…after that cholesterol endurance marathon, we were done with the “authentic” food and moved on to Berlin’s multicultural cuisine. We’re sure Germany has much more to offer than a weiner swimming in some spicy ketchup, but it was time for other things.

Fresh breakfasts at Cafe V.

The

Cafe V breakfast

Cafe V scrambled eggs

Roasted eggplant and falafel.

Roasted eggplant and falafel

Schwarma, hummus, salad, falafel.

Schwarma, hummus, salad, falafel

Tofu and veg.

Tofu and veg

Pho.

Pho

Pad Thai.

Pad Thai

Rocket, feta and tomato gozleme wraps from the Turkish market.

Rocket, feta and tomato gozleme wraps

Dessert? Candy coated grapes, also from the Turkish market.

Candy coated grapes

Carrot cake and cappuccino.

Carrot cake and cappuccino

19
Nov 2012
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A Few Hours in Venice

Our host Marie and her friend Rudi were planning a trip to pick up another friend near Venice, which is only a few hours from Kobarid, and they invited us along. We were not planning on seeing Italy at all this year, and so we jumped at the chance. Rudi drove us to Cividale de Friuli first for an espresso and a look at its big stone bridge. It was raining, so after we finished our coffees, we got right back on the road.

Our one and only Italian espresso

Venice is surrounded by some pretty depressing urban sprawl and industrial areas, at least the parts we could see from the four lane highway, the area that Marie and Rudy dropped us off in, and the parts the bus drove us through before we got to actual Venice Venice.

Waterworld Venice.

When you first cross over the from the large bus parking lot, it’s almost a theatrical entrance as you can hardly see anything until you reach the apex of the main bridge, and there before you is a big canal full of boats and rows of very old, damp, and not so vertical buildings.  And hordes and hordes of people.

First view of Venice

us

It was about 2 p.m. when we arrived and we needed to catch a train to meet Rudi and Marie at 6 p.m., so time was short. We decided we just wanted to wander the streets and enjoy the unexpected treat of visiting one of the world’s most famous cities, have a nice meal, and maybe treat ourselves to an espresso and gelato.

We quickly discovered that while most of the main thoroughfares were elbow-to-elbow with souvenir shoppers and the wheelie bag draggers, most of the time we had the streets and alleys to ourselves if we just deviated a block or two.

Goldola parking

man and dog on a boat

General Lee

We were glad that it was a grey and gloomy. It matched he preconceptions we had in our minds about the place, which doesn’t happen often. The whole city was fantastical and we were happy just observing and admiring everything…  from the canals and multicolored buildings, right down to the door buzzers and shutter locks.

doorbells

water alley

alley

wooden boat

church courtyard

water alley - yellow wall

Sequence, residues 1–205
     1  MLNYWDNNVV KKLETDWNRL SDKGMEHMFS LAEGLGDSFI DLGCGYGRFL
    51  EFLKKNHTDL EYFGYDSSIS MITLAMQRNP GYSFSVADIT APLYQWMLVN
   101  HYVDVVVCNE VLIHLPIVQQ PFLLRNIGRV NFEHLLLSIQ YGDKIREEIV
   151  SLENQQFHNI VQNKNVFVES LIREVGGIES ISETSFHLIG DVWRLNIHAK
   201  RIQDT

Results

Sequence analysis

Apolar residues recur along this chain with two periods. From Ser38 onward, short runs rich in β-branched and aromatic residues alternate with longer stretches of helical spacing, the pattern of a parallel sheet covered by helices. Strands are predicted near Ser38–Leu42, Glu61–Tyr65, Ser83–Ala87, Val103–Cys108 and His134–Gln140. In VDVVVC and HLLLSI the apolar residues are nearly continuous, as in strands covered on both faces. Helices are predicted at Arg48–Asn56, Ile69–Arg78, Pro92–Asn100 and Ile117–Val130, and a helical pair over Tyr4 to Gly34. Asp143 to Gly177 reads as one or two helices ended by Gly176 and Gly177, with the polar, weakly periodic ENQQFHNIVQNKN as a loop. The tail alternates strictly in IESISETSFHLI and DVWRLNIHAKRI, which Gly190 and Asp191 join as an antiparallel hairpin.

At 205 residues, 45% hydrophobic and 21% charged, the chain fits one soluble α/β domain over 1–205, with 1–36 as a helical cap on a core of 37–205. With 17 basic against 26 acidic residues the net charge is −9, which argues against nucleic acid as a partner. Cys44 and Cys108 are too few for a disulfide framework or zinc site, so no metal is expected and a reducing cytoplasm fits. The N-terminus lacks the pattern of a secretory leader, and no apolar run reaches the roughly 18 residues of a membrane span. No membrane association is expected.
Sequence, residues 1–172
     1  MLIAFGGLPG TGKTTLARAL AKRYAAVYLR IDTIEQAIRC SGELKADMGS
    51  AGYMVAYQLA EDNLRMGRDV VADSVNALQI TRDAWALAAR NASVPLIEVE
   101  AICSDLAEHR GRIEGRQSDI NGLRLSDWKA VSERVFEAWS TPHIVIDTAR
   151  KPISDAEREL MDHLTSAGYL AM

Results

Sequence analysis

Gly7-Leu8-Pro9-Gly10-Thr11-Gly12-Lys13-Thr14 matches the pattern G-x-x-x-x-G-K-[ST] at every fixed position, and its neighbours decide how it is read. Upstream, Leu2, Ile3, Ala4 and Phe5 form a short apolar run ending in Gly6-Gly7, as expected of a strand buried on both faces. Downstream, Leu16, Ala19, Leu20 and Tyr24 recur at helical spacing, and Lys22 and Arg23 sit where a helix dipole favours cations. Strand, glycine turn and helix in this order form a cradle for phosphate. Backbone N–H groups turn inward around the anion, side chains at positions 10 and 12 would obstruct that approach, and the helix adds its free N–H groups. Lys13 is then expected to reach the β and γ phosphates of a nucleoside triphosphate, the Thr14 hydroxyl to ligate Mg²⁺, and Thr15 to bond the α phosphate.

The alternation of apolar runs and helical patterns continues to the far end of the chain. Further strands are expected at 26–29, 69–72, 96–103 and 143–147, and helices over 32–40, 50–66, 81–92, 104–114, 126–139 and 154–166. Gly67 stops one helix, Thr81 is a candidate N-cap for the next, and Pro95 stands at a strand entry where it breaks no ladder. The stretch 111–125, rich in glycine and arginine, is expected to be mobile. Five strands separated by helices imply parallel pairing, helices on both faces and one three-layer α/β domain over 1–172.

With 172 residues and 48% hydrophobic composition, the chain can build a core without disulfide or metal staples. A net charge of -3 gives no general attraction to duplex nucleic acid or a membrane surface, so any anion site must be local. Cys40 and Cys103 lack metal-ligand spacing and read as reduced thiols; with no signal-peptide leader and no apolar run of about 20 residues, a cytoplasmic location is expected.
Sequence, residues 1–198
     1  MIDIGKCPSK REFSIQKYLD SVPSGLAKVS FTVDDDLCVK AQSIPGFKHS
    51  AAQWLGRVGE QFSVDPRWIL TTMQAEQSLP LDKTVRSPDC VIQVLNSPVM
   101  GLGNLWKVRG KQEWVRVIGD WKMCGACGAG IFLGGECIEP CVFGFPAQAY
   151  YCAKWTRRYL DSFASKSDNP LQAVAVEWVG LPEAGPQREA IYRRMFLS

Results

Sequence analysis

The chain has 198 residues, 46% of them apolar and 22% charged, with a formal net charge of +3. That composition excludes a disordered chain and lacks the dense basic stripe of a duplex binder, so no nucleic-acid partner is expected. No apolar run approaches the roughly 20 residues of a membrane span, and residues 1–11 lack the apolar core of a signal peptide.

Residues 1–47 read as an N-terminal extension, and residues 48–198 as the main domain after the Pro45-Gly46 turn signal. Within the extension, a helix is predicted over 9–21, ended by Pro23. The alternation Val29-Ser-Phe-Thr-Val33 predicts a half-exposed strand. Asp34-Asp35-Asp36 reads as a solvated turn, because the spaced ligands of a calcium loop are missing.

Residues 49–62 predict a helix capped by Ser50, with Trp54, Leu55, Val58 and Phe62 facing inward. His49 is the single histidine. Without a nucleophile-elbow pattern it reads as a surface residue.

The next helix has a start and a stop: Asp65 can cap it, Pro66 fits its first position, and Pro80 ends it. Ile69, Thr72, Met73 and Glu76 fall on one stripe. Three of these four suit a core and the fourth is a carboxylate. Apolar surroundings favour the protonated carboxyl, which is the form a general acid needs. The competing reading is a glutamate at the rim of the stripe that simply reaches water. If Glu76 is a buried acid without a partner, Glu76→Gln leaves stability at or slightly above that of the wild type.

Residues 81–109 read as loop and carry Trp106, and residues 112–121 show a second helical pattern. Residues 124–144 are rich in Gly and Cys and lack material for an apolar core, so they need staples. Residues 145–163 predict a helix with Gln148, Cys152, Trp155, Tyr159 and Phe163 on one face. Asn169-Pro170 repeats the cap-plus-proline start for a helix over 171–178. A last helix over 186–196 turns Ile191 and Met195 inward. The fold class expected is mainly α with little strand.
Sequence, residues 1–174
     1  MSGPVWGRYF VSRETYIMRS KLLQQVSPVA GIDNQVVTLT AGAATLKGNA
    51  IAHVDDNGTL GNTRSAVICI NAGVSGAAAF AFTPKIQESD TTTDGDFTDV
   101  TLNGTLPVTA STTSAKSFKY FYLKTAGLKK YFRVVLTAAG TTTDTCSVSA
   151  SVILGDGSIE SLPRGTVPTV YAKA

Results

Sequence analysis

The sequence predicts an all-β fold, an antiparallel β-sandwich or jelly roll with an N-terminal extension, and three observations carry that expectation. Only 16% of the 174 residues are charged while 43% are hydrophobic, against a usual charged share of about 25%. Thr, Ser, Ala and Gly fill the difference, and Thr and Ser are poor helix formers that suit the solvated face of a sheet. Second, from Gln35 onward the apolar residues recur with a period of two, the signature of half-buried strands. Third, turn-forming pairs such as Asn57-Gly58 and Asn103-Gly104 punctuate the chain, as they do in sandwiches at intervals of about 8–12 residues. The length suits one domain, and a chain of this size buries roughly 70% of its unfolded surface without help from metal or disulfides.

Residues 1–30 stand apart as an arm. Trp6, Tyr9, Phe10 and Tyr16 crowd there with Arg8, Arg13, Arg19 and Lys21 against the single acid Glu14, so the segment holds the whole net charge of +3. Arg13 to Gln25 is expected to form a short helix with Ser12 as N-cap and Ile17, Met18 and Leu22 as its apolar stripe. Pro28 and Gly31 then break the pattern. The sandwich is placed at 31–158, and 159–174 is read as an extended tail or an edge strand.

all the harmonicas

Gondola guys

dragon with umbrellas

Tony

Lunch was another story. We didn’t do any restaurant research beforehand, so we were completely at the mercy of fate and our own good judgement. Both failed us and we managed to spend about $60 on a pizza that had sliced hotdogs on it and some gnocchi that made us certain the chef’s name was Boyardee.

Chef Boyardee?

hotdog pizza

wine

At least the wine was good. And we got this sweet photo of the waiter who gave the restaurant an aura of undeserved legitimacy.

stern waiter

By the time we finally got the bill, raindrops began to fall and we realized we had to leave for the station soon if we were going to catch our train. We opted to take a water bus back, reasoning that even if we missed out on expresso and gelato, we’d at least have an enjoyable boat ride and see some more of Venice. The wind and rain was really starting to pick up now and the boat plunged up and down as we boarded.

wind picking up

building

from the boat taxi

tugboats

Tony on the boat taxi

We managed to pick the boat that took us past large shipping docks and the backside of large industrial buildings, and eventually the weather was so bad that we had to retreat into the enclosed area.

When the boat finally churned sideways into the dock, there was little time to spare and we began to make a run for the train station.  The instant a raindrop falls in a tourist destination, magical umbrella fairies appear and try to make a quick buck. They mistook our rush for trying to stay dry and kept stepping right in our paths to make sure we knew that they had the solution to our problem. The stone promenades were slick and I imagined myself tripping and sliding on my face. We made it to the train soaked, intact, and with three minutes to spare.

train home

Venice didn’t turn out anywhere near perfect, but we’ll remember it just as fondly, maybe even more so, than if it had.

us

02
Nov 2012
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Italy